intestinal muscles first.
botulism occurs worldwide, and 98% of cases occur in infants between 1 to 6 months
of age. In the United States, most cases of infant botulism cannot be prevented,
since the spores of Clostridium bacteria are found in soil everywhere.
with infant botulism may require hospital-based support for an extended period.
In severe cases of infant botulism, the child may require several weeks of hospitalization
and even respiratory support.
special isolation or precautions are needed since this infection is not transmitted
from person to person.
cases of infant botulism cannot be prevented. Parents can eliminate one risk factor
by not feeding honey to children under age 1 year.
to Call Your Child's Doctor:
Call your doctor immediately if your infant has
trouble breathing or if she seems to have trouble swallowing and is drooling abnormally.
Also call your doctor if your infant does not seem to be feeding well, cries weakly,
has trouble holding her head up, or has stopped sucking normally.
it may be just a minor constipation problem, you may want to check with your doctor
if your infant has not had a bowel movement in 3 days.
Doctors make the diagnosis of infant botulism by checking the infant's
stool for Clostridium bacteria or Clostridium botulinum toxin. A child with infant
botulism is treated in a hospital, usually in an intensive care unit.
fish downs family
of Article: http://www.sunstar.com.ph
members of the family in Barangay Calmay, Dagupan City were hospitalized after
eating a certain kind of fish. The
victims were Gregorio Narnola, his wife Lolita, two children, his brother-in-law
Lito Garcia, wife Regina, and son Jeremy. Calmay
Barangay Chairwoman Evangelita dela Cruz said the victims were brought to the
Cuison Family Clinic Tuesday evening after they felt nauseous. Garcia
and Lolita reportedly ate much of the fish and were still in serious condition
at the hospital as of Wednesday afternoon. The other victims have already been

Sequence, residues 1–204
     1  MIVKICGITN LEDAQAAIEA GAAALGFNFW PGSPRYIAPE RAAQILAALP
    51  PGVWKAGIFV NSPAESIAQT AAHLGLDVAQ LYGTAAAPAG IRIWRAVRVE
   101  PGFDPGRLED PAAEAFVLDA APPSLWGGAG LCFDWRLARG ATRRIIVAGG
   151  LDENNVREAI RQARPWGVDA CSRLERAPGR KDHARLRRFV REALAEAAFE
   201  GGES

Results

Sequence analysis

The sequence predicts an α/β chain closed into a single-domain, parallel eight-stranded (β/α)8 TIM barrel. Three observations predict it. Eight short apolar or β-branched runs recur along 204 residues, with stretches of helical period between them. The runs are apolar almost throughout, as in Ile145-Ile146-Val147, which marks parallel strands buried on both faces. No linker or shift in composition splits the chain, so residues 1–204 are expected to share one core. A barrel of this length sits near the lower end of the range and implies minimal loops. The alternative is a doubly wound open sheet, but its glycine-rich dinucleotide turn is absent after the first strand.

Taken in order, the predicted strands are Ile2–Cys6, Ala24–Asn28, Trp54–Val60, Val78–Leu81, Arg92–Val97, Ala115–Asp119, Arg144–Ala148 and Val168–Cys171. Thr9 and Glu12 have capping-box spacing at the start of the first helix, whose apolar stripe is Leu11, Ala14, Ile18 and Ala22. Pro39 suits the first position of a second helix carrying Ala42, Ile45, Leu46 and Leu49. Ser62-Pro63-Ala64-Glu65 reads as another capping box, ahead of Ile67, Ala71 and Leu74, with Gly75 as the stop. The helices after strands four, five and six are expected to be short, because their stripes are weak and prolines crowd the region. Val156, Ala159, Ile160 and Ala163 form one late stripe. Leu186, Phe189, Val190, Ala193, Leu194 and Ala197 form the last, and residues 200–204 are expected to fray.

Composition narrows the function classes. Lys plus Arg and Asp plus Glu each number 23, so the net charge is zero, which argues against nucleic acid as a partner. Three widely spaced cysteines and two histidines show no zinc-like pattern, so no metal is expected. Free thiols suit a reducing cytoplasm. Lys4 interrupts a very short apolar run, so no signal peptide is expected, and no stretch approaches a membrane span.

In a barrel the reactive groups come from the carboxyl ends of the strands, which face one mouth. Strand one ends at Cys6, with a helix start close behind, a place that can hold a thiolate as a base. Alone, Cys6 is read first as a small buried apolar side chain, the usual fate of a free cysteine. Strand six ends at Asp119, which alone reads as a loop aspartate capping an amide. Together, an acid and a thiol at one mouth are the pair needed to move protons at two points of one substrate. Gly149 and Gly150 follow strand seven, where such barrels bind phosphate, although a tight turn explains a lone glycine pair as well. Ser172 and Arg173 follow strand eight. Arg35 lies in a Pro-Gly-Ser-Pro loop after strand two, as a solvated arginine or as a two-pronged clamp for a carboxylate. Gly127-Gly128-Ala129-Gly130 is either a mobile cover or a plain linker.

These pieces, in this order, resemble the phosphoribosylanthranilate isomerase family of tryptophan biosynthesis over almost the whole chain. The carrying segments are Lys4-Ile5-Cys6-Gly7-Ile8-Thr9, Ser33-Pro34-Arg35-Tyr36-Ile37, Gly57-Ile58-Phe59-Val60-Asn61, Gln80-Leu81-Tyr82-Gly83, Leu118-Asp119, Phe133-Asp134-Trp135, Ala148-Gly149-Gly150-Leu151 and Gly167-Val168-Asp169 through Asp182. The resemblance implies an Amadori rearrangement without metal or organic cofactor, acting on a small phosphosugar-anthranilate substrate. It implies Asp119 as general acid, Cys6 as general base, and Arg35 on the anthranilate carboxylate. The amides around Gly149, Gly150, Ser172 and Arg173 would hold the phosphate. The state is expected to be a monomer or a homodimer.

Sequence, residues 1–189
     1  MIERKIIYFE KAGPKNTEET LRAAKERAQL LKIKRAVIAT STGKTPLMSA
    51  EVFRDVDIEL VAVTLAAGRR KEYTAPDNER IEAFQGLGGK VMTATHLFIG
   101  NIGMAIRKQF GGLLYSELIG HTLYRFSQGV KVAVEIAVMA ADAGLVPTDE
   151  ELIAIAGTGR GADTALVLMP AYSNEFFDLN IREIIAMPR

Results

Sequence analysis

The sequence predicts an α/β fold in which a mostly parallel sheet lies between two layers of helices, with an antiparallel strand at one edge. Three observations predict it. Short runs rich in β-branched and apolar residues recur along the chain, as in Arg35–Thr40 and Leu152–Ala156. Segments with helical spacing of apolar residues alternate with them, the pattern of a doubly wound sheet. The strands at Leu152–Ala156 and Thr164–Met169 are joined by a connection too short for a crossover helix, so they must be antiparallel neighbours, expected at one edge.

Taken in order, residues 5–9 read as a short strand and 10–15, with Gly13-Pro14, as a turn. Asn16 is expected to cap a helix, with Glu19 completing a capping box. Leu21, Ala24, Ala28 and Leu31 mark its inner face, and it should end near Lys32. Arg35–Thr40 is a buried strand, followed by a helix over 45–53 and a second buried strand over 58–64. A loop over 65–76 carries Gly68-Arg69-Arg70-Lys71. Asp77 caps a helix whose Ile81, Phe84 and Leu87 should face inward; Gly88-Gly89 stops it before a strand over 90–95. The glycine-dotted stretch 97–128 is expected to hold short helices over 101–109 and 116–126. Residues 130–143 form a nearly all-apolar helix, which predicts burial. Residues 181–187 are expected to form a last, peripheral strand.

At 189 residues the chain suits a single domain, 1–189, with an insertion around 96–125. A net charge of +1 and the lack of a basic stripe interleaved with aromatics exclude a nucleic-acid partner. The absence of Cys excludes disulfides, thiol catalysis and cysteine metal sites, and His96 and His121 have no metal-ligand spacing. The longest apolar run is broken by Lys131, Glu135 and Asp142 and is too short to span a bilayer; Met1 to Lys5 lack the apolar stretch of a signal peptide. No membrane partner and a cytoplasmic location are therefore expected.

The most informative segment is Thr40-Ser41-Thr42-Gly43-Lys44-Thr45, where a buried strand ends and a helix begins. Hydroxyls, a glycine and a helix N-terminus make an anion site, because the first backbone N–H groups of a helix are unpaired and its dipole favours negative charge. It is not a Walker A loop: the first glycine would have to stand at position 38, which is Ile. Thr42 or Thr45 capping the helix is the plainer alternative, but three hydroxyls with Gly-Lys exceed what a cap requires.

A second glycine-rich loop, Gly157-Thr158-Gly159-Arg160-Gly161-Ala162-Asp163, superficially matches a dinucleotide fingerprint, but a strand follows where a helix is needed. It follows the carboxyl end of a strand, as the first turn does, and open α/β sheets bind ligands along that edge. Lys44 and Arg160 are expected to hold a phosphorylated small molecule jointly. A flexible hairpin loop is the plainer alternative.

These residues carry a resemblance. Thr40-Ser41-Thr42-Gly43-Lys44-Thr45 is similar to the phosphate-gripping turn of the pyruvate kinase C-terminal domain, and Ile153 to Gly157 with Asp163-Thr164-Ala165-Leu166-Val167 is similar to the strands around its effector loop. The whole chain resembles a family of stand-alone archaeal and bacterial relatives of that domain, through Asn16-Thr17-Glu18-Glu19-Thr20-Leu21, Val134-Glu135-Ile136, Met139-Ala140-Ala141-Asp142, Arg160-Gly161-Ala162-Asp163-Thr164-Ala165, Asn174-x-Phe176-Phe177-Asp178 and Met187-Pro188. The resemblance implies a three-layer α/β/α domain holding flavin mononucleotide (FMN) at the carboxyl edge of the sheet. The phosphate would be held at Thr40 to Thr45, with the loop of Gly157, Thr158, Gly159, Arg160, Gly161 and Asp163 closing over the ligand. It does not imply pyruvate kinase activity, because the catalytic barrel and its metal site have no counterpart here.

discharged after they were declared by the attending physician out of danger.It
was learned that the family got the fish from their "skylab", a fish-catching
structure in the city river. Dela
Cruz said since the "bocnoy", which the fish is called, was only few,
they decided not to sell it and instead had it for breakfast. But
after having breakfast, the family started feeling weak. They also felt nauseous.Dr.
Fausto Cuison, owner of the clinic where the victims were brought for treatment,
confirmed that they were victims of food poisoning. He opined however that the
victims could have been poisoned by red tide toxins. Cuison,
a former city councilor, cited the need to have a sample of the fish for examination
at the Bureau of Fishery and Aquatic Resources (Bfar) to determine what caused
the fish poisonous. The
barangay chairwoman, a fish dealer herself, said the "bocnoy" has similar
feature as the "bonor", except it is white in color with one big black
spot and has big stomach. Both fishes are as big as a finger. Residents
of Calmay, a coastal barangay, expressed surprise why the Narnola and Garcia family
were poisoned when they usually eat "bocnoy". Dela
Cruz called on her constituents to refrain from eating "bocnoy" until
the Bfar and Department of Health (DOH) issued a bulletin declaring that the fish
is safe to eat. (FPM)
Alert System for Food and Feed (RASFF)
05 available in pdf format at http://europa.eu.int/comm/food/food/rapidalert/reports/week05-2005_en.pdf
Safety and Quality Update - No.25
click here for download: ftp://ftp.fao.org/es/esn/fsq_update/25.pdf
to the twenty- fifth edition of the Food Safety and Quality Update.
all the feedback and support that we have received over the past year and welcome
any new feedback on this issue and throughout 2005 as well. We look forward to
working with all of you in the new year.
In This Issue
Information Now Available
- Call for data- Part II for JECFA 65
- Chemical and Technical Assessments
(CTA)- JECFA 61 and 63
- Update of JECFA 60 monographs
Food Business Forum¡¯s International Food Safety Conference
- Codex Executive
- Sub-regional workshop on improving the quality and safety of fresh
fruits and vegetables
- FAO/WHO Regional Conference on Food Safety for the
- Other upcoming Codex meetings
- New FAO JECFA
- Michigan State University food safety course
- FAO Senior Officer
- Newsletter archive available
offers guidelines for reporting animal diseases
by Anna Blessing
on 2/1/05 for Meatingplace.com
The Food Safety and Inspection Service
has made instructions for reporting suspected animals with diseases such as bovine
spongiform encephalopathy and avian influenza available to public health veterinarians.FSIS
Directive 6000.1 directs veterinarians inspecting these animals to contact the
district office with the type of disease suspected, name and contact information
for the animal's producer and a clinical history of the animal.
To view the
complete directive, click here: http://www.fsis.usda.gov/Regulations_&_Policies/6000_Series-Slaughter_Inspection/index.asp